Lions Club fulfills its commitment to Carlinville
The Issue: For many, the Lions Club Carnival is just good family fun.
Our View: Carlinville Lions Club is true to the organization’s mission of bettering communities through volunteerism.
CARLINVILLE (Sept. 7, 2017) – One would be hard pressed to find a Carlinville resident who doesn’t like the Lions Club Carnival. It’s a long-standing tradition that suitably fills in as a local homecoming, complete with a parade, good food, games for the kids and a queen.
This is the Lions Club’s 100th anniversary. The group began in 1917 when Chicago businessman Melvin Jones sought to broaden the scope of his local business organization. Jones wanted the club to do work that reached beyond the needs of the business community and address the needs of the public.
According to the Lions Club history, provided at lionsclubs.org, Jones and his peers reached out to business organizations across the country. Following an organizational meeting in June of that year, the group adopted the name “Association of Lions Clubs” and convened in Dallas, Texas, in October 1917, at which time a constitution, by-laws and a code of ethics were adopted.
It was Jones who encouraged club members to use their skills to make improvements in their communities. This simple goal has made Lions Club International the world’s largest service club organization, with more than 1.3 million members in over 46,000 clubs.
Carlinville’s Lions Club Carnival plays at the heart of the organization’s intent. This community-based event provides entertainment for local families while raising money to improve the community. Every year improvements are made by local members using their skills for the betterment of the event and, in turn, the entire community.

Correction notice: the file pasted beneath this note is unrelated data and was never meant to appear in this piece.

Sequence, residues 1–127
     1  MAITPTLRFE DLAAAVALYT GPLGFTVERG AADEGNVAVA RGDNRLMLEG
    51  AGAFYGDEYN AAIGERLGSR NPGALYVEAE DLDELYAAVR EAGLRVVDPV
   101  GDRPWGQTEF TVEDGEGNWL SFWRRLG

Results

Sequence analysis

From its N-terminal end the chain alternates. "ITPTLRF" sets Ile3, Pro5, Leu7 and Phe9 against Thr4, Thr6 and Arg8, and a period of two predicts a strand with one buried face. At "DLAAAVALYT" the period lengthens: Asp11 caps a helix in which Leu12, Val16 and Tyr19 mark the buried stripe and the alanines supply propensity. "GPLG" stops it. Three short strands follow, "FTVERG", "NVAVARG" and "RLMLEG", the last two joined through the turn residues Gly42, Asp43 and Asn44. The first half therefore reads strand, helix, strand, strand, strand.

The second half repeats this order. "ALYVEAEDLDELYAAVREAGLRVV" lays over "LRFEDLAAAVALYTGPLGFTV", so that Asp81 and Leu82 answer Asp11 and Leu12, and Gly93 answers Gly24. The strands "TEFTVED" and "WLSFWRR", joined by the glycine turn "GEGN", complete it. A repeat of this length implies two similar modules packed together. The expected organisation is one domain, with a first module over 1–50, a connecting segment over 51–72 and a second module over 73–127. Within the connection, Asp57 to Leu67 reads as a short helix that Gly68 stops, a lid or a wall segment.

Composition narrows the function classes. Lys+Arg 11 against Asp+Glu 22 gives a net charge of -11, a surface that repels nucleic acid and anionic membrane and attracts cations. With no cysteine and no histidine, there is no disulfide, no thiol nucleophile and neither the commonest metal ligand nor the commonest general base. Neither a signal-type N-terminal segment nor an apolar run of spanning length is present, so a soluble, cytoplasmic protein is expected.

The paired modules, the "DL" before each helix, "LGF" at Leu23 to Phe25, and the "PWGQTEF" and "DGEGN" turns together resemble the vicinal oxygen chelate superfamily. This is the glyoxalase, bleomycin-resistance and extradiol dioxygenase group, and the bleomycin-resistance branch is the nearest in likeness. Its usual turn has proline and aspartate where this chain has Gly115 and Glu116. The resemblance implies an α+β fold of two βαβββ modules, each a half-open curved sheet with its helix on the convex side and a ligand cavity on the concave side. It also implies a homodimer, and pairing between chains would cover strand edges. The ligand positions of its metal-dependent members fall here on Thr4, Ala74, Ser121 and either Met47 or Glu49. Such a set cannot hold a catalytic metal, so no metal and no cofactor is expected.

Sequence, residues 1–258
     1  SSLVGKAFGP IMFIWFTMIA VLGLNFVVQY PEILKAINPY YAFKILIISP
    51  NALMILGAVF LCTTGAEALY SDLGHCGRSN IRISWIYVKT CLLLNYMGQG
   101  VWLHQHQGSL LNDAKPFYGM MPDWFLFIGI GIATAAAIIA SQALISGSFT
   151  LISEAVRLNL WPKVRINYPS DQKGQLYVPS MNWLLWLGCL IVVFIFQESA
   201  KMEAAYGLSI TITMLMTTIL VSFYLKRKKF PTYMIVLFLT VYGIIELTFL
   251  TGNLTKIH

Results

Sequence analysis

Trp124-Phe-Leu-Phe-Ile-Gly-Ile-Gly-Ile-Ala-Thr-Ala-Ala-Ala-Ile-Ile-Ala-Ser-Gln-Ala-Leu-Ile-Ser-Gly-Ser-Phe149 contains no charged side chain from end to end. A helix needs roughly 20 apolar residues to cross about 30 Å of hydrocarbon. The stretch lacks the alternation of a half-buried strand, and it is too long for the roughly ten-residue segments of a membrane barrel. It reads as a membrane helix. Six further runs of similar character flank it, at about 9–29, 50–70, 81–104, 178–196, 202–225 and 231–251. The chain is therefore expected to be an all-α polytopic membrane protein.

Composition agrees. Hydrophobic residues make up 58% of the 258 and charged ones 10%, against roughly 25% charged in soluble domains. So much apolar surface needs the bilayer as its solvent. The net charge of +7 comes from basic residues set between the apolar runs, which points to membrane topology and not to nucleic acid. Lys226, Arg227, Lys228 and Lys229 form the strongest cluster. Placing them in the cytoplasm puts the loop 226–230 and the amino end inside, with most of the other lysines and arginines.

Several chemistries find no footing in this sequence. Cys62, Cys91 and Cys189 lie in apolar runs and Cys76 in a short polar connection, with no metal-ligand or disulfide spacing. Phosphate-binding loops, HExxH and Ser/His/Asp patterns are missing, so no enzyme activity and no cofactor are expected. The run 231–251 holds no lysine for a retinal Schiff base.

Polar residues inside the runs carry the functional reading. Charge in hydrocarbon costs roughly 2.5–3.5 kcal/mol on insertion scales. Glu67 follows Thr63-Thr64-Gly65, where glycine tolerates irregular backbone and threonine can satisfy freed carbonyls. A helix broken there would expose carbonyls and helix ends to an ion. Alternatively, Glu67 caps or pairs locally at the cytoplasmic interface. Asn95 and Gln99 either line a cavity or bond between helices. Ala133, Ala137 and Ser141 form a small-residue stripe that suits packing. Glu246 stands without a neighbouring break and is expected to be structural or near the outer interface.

One improvement to this year’s carnival is the new miniature golf game, which was built as the project of local Eagle Scout Jonathan Stilwell, who made the game both bigger and lighter.
A few years ago, some handy Lions Club members built a new barrel ride for the carnival. That sort of hands-on effort is what communities need. By using their own skills and talents, not only do members support their cause, they establish themselves as role models.
Of course, the Lions Club could hire out a lot of the tasks they take on, but that would miss the point. There was a time when no one would consider hiring out a job they could do themselves. It was never about convenience; it was about being self-sufficient. Today, a lot of people out there would much rather have someone else do the dirty work or the back-breaking labor. Their kids see them do it and grow up to do the same. While there’s nothing wrong with hiring someone to do things, pretty soon the skills required to get things done are lost.
Even the queen candidates must take a hands-on approach to the competition. Months prior to the carnival, these girls raise a significant amount of money in ticket sales in support of the Lions’ mission. It’s a competition based on effort and production rather than good looks and personality.
Money raised by the Lions Club is funneled back into the community by the contributions the club makes to local charities and to the organization’s causes. Needless to say, the Carlinville Lions Club is a group of exemplary leaders in this community. They volunteer their time and skills in a way that makes Carlinville better for everyone. They lead by doing.